8. In the ops area, there is no need for a manned operator of the airframe itself because the essence of the design is to designate points or routes of interest as sensor or CEP localizations and then 'fly the autopilot' into the airspace. In a real war, SEAD and glide munitions ensure that the bombs will fly further than the threat sensors can track them (GBU-39 has flown as much as 57nm to hit a barge target within 17" of center). In a followon, pacification, effort, there is no need for heavy fires so much as preemptive ones. You see the ambush being set up as either a 'road crew' burning a tire to melt the asphalt. Or a company deployment of forces which set up a crossfire at a traffic choke, and the FIRST bomb delivered on their heads is also the LAST one before they start running like cockroaches before the flashlight. Manned operation, whether remote or on-airframe, is based on the assumption that the aircraft in question requires a human touch to survive penetration. Or to coordinate with a friendly ground presence. And this is simply not what experience has shown to be the case. Lag keeps the system from yanking and banking (as does Low Signature state) effectively. And if you are 20hrs as much as miles ahead of a vehicle column transport route, you don't need to play fast ambulance to save them.

MAV will happen. It's unfortunate yet true. We should not hurry this intrusive process along any quicker than we have to because it can only be a negative effect aimed at our own national levels of privacy and freedom of speech and thought more than that of any 'hostile indigenous population' in a backwater state.

What will define the 'unmanned' systems state of present drones however; driving them to separate from 'remotely piloted' systems is the within-mission-set need and tactical ability to cover, autonomously, large regions of empty space (rather like ASW) sanitizing it with an immediate weaponized followon strike option for discovered threats. An option that does not require a hot pad QRA launch and 'Pizza Hut' delivery lag to bring a manned finger on the button to the effected target area. Because sensor resolution and threat floor equivalencies will be the same between platforms.

Such a system, when it finds an object of interest, will be 'flown' with signature model (ground threat WEZ bubbles) and sensor LOS graze/resolution fixes in mind, using a top down map type display and portalled sensor FOR windows that any teenager with Windows experience can manage.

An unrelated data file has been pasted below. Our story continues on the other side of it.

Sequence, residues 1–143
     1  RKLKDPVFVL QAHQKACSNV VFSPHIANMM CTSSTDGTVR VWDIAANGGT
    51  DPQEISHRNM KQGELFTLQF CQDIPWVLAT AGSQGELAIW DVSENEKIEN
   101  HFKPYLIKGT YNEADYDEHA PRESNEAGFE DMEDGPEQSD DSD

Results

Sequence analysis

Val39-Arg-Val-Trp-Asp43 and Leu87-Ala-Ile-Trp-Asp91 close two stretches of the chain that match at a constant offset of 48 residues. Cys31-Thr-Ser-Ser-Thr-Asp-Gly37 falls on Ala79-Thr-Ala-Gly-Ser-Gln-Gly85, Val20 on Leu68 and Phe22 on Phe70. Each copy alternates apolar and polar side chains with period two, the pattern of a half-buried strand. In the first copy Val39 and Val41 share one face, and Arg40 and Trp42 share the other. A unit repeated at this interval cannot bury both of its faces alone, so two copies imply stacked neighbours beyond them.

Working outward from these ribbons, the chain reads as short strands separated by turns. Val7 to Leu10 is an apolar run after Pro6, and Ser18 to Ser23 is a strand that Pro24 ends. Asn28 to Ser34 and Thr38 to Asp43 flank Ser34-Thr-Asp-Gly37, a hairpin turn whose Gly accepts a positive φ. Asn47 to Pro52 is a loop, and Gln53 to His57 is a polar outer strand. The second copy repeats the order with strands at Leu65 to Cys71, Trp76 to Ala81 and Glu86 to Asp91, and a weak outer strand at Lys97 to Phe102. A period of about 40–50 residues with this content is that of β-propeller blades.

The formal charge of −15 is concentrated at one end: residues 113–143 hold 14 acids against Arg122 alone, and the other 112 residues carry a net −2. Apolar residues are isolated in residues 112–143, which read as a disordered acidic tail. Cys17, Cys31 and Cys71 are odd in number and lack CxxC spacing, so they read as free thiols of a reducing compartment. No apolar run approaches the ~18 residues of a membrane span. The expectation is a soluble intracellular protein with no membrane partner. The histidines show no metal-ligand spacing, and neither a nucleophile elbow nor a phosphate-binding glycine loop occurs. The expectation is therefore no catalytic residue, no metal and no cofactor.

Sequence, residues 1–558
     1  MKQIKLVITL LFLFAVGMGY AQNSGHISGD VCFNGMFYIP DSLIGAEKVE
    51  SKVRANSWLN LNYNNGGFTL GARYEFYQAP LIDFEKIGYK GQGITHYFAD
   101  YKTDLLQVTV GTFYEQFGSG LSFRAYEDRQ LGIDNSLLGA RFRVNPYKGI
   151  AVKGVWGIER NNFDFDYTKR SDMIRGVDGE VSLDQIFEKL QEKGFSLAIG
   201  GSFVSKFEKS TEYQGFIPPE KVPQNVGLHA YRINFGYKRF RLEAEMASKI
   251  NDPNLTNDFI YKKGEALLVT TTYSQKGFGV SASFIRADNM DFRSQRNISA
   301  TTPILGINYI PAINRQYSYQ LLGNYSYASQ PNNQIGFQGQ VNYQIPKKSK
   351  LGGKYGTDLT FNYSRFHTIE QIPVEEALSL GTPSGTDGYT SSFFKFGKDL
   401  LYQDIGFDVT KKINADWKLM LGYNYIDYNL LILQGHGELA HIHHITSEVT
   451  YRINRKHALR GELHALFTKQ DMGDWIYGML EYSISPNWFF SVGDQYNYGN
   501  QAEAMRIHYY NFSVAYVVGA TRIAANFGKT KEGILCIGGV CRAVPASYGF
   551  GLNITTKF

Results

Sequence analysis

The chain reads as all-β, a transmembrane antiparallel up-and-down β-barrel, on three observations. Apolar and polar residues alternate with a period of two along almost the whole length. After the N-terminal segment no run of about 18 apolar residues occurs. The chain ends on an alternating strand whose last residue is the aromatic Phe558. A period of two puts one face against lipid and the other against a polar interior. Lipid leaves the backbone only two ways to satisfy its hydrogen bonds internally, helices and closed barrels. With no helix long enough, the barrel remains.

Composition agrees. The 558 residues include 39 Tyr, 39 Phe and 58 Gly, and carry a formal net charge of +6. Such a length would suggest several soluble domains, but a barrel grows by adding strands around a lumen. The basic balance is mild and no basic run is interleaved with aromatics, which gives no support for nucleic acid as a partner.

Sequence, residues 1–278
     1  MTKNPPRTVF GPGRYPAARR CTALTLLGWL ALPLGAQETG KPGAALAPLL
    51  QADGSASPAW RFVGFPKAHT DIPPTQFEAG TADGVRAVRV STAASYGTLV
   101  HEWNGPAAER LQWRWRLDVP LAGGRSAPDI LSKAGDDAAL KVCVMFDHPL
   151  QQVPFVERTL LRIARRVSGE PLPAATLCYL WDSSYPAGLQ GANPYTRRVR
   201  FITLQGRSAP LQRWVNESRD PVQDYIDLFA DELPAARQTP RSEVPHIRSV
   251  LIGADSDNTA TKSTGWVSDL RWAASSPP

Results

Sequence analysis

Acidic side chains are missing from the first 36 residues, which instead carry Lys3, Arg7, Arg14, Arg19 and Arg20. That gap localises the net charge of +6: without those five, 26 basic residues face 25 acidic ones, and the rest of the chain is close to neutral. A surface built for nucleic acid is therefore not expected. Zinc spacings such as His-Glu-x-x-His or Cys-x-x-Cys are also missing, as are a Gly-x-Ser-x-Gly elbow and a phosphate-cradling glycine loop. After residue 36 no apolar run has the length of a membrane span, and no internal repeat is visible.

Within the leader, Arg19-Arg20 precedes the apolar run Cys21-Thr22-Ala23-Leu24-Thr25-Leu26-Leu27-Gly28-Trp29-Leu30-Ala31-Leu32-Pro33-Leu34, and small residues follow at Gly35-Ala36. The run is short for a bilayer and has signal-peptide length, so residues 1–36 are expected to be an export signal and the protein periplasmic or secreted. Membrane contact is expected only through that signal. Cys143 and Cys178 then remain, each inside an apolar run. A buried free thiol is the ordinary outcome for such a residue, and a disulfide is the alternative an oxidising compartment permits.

It will NOT be vulnerable to the USAF 'Our Predator video is unencrypted because we're cheap like that!' exploitation or spoofing because CDL which is _essential_ for ALL 21st century air operations, will use directional, high power, high rate, wide-pipe technology to send snapshots as much as continuous feed. Snapshots which are made on the basis of CCD technology and mass video memory inherited from the JRO's developments over the decades.

None of which is properly covered in the docudrama.

In essence then, what you were told here was a confidence trick act of fraud by manned services terrified of being outmoded, much as the civilian world has been, by automation. And using all their powers of deception and 'honor' to ensure that officers support officers, at least in the highest-end driver (USAF) of the technology.

Here is how the USAF really feels about things like Predator-

UAV Eulogy

And here is the image they sell to each other and the world-

Warrior Song

The main difference of which is about 326 billion vs. 70 billion dollars in wasted JSF vs. UCAV lifecycle costs. Intrusion on the thoughts of change as much as the act of violence and the loss of important controls over oil resources as manned airpower fails to support ground troops and a misguided press sees a parade of cripples and body bags as an excuse to sabotage a necessary war effort. Not because war never solves anything (ask Napoleon or the Dodo) but because the institutional culture is itself the greatest holdback on the development of warfighting technologies which do accomplish the mission.

Perhaps the greatest sadness here is that 'Terminators' are vastly more advanced than a UAV has to be. Thus 'Vago' is inspiring the conspiracy of dissociative delusion from the opening comments. Airplanes don't open doors. They don't trip over cracks in the pavement. They don't need to negotiate with or differentiate between collateral intelligence sources and active threats. They can deal simply, with the action of hostility itself.

From Aviation Week:

Music Links Mulitple Assets

Sep 13, 2011

By Richard Whittle

The evolving future of U.S. Army aviation will be on display Sept. 15-16 at Dugway Proving Ground, Utah, as three of the service’s project offices—Unmanned Aircraft Systems, Apache Attack Helicopter and Armed Scout Helicopter—stage an exercise demonstrating how manned and unmanned aircraft can work together in combat. The Army calls the exercise Music, for Manned-Unmanned Systems Integration Capability.

“Music is intended to be a showcase for innovation, integration and ultimately interoperability,” says Tim Owings, deputy project manager of Unmanned Aircraft Systems for the Army.

The exercise, expected to be the first in a series of Music demonstrations, will focus on new ways of moving intelligence, surveillance, reconnaissance and targeting imagery among manned and unmanned aircraft and ground forces. It will feature six types of manned and unmanned aircraft that will exchange imagery with each other and ground troops, using it to coordinate attacks on mock targets. Music will demonstrate four capabilities the Army is developing to get the most out of new unmanned aerial vehicles (UAV):

•A Universal Ground Control Station (UGCS), from which UAV operators can fly and operate the sensors of any of the Army’s three largest UAVs: the MQ-1C Gray Eagle, a 3,200‑lb. maximum gross weight aircraft from General Atomics Aeronautical Systems Inc.; the 380-lb. MQ-5B Hunter from Northrop Grumman Corp.; and the 4.2-lb. hand-launched RQ‑7B Shadow from AAI Corp. “This will be the first time that we’re proving out our UGCS where one ground station has all the software loaded to fly our large platforms,” notes Michelle Vigo, lead planner for Music.